Biology Class 9 Chapter 5 Cell Cycle Notes

Biology Class 9 Chapter 5 Cell Cycle Notes

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Biology Class 9 Chapter 5 Cell Cycle Notes
Biology Class 9 Chapter 5 Cell Cycle Notes

Chapter No.5

Cell Cycle

Q1: What is cell cycle? Describe various phases of interphase of cell cycle with diagram.

Ans: Cell cycle:

The Serious of events that take place in a eukaryotic cell leading to its division is called cell cycle.

Periods of cell cycle:

There are two broad periods of cell cycle

A.        Interphase

B.        M-Phase (division phase)

I. Interphase:

The period between the end of one mitosis and the start of next mitosis is called interphase. Typically, interphase lasts for at least 90% of the total time required for the cell cycle therefore interphase is called the longest phase/ resting phase/ or growth phase of the cell cycle.

Sub Phase of interphase: –

Interphase has three sub phases.

i. G1-Phase:

It is the first sub phase of interphase.

Main events:

  • In this phase newly produced cells grow in size.
  • Internal chemical changes occur in cell.
  • Internal chemical changes prepare the daughter cells for DNA replication.
  • tRNA and mRNA are synthesized
  • Ribosome and several enzymes are synthesized in G1 Phase.

ii. S-Phase (S-Synthesis):

It is the second phase of interphase

Main events:

  • Cell growth continues throughout S-phase.
  • The replication of DNA occurs during this phase.
  • Both strands of DNA must replicate and new complementary strands are synthesized.
  • Once DNA replication is completed the chromosomes become duplicated and the cell become ready to enter the next phase called G2-Phase.

iii.        G2-Phase: –

The gap between the end of S-phase and the start of M-Phase is called G2 Phase.

Main events:

  • Preparation of protein takes place which are essential for next phase (M-Phase) mainly for the formation of spindle fibers.
  • Centriole replicate and move to the either end of the nucleus. It indicates the end of interphase.

G0 Phase:

Cells that have temporarily or permanently stopped dividing called G0 Phase.

Q2: Define Mitosis? Describe various stages of mitosis in detail?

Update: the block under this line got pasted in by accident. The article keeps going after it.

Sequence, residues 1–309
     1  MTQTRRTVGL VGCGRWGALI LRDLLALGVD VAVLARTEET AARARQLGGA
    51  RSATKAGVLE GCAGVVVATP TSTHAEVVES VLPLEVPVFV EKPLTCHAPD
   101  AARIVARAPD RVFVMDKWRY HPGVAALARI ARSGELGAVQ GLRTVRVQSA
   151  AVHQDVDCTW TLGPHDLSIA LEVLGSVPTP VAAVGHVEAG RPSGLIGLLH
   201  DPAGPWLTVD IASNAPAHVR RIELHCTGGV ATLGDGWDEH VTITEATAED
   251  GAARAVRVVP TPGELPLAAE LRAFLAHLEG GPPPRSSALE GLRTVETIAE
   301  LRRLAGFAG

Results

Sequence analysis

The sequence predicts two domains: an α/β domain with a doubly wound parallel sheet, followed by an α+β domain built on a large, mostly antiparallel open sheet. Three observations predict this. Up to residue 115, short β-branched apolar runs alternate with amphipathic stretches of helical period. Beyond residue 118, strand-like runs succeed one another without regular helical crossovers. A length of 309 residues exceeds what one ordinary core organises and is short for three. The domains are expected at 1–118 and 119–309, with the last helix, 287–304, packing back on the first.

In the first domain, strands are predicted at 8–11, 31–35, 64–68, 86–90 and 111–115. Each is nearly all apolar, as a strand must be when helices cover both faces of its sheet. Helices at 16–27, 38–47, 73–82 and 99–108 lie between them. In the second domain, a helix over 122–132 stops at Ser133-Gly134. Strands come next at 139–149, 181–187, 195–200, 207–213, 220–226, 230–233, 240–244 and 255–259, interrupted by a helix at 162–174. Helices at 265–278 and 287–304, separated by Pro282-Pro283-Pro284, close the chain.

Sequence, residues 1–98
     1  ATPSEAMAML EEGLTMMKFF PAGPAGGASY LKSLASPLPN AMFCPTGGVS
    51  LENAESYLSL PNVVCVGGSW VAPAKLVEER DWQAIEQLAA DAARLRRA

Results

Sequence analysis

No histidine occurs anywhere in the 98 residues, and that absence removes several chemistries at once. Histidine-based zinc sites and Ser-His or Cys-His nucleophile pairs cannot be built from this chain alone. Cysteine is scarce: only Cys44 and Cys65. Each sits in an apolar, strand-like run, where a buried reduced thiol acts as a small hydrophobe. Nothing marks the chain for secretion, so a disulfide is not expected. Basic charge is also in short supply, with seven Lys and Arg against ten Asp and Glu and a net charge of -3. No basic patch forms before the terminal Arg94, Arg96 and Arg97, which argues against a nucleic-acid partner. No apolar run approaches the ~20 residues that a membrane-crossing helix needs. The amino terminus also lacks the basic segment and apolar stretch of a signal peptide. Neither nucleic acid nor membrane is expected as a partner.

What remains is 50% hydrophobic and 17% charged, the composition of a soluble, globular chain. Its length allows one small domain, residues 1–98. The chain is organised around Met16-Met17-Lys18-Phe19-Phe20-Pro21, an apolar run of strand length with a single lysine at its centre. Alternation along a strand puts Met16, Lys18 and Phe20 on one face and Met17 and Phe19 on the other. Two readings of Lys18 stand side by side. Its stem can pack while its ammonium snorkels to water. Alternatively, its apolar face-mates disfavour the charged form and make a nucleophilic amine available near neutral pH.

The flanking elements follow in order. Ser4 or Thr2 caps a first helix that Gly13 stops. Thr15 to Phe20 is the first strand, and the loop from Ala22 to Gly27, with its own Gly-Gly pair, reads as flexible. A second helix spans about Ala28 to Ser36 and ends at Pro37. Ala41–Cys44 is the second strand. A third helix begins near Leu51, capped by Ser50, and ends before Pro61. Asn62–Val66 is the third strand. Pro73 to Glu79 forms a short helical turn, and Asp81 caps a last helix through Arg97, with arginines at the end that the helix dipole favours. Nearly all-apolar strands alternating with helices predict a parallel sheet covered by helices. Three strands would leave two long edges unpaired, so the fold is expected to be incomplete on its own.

Ans: Mitosis:

History:

A German Biologist Walther Fleming in the 1880s gave the detailed account of the stages of cell division. He observed that in a dividing cell the nucleus passes through a serious of changes which he called mitosis.

Stage of mitosis:

The process of mitosis can be divided into two main stages.

A. Karyokinesis:

It is the division of the nucleus. “Karyo” means nucleus and “kinesis” mean division.

B. Cytokinesis:

It is the division of cytoplasm. “Cyto” mean cell and “kinesis” mean division.

Various phases of Karyokinesis:

I.          Prophase:

Main events:

i. Condensation of chromatin network occurs and thread like chromosomes appear.

ii. Each chromosome consists of two chromatids attached with each other at centromere.

iii. Nuclear membrane disappears.

iv. Centrioles move to the opposite poles.

v. Three sets of spindles fibers arise from each centriole.

a. Astral microtubules:

Microtubules radiate outward and form star shaped structure called aster.

b. Kinetochore Microtubules:

Kinetochore microtubules are attached to the kinetochore of chromosome.

c. Polar microtubules:

Polar microtubules arise from one pole and come in contact with the microtubules of other poles.

ii.         Metaphase:

Main events:

i.          During this phase chromosomes arranged itself at the center of cell to form line of chromosome called metaphase plate or equatorial plate.

ii.         Two spindle fibers from both sides attach with one chromosome.

iii.        Anaphase:

i. The centromere of each chromosome splits into two parts.